Country Style restaurants have dough problems

That’s left some franchise owners, who invested an average of $150,000 to $200,000, desperate according to Les Stewart, head of the Canadian Alliance of Franchise Operators. On LaSalle Boulevard in Sudbury, Marlene Laframboise is making the best of her former Country Style franchise. Black vinyl covers the Country Style signs, but customers are still coming in. “I haven’t made a deal with the landlord yet, but I’m going to go independent,” she said.

Northern Life magazine
December 19, 2001

Country Style restaurants have dough problems
Walter Franzyk

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Take out has a new meaning for some of Sudbury’s Country Style Donut restaurants. Several of the Nickel City’s eateries have been shut down in the wake of the parent company’s efforts to stave off bankruptcy.

Last week country Style disclosed it would shut down as many as 50 “under-performing” franchises across Canada. That’s left some franchise owners, who invested an average of $150,000 to $200,000, desperate according to Les Stewart, head of the Canadian Alliance of Franchise Operators.

On LaSalle Boulevard in Sudbury, Marlene Laframboise is making the best of her former Country Style franchise. Black vinyl covers the Country Style signs, but customers are still coming in.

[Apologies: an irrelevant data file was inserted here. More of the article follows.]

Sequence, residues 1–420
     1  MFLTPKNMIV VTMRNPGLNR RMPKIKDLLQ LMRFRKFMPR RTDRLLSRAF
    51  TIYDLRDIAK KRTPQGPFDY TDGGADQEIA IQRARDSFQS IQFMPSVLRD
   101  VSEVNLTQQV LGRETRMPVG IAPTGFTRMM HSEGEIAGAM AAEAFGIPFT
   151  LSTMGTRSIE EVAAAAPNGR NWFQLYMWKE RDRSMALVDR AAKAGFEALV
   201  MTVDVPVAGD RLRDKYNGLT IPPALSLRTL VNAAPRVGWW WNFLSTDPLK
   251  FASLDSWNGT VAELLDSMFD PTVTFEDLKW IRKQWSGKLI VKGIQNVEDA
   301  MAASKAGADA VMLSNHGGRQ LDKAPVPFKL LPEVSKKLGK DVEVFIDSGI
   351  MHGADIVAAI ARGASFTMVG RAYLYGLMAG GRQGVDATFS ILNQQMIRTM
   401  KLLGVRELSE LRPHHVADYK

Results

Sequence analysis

“I haven’t made a deal with the landlord yet, but I’m going to go independent,” she said.

Her investment in the original franchise is gone, she said.

“But I have all my own equipment, so I can just keep operating and just de-brand the place, no more Country Style. That’s all,” she said.

Laframboise, who has 10 full-time and part-time employees, has changed the menu a little and plans to offer different food and a variety of lunches, fare that won’t compete with her old franchise.

It’s still not clear to her why the national chain is shutting down so many restaurants.

“I think they’re just trying to get rid of all the stores that don’t make the high sales and then get out of the leases. We don’t really know. They’re just picking on us,” Laframboise said.

The lights were out and no one was inside the Country Style shop on The Kingsway Tuesday morning. Telephones at most of the listed Country Style shops weren’t being answered at lunch time Tuesday.

At the Lorne Street location, however, when the very busy owner was asked why franchises were being shut down, she said, “It’s a long story.”

“Put it this way, we pay the bill. Some of the owners don’t. They fall way behind too much…So you know, if you don’t pay the bill…but there’s more to it than what they say,” she said.

Only two of six Country Style shops were left operating in Sudbury Tuesday afternoon. Phone calls to Country Style’s head office in southern Ontario got nothing but a busy signal.

In a news release, the company says it has received a court order which gives it the flexibility it needs to restructure operations and finances.

Country Style blames its poor financial performance on an increasing number of poor locations and under-performing franchises.

Franchise owners and employees aren’t the only people hurt by the doughnut chains’ problems.

Dan Kottick, owner and operator of Eco Systems, says he’s owed more than $1,700 for waste disposal at Country Style’s Chelmsford location, which closed earlier this fall. He drove to the company’s office in Richmond Hill last week in an attempt to collect the debt but couldn’t get a cheque.

“This is an awful way to treat a small businessman,” he said. “I have no recourse.”


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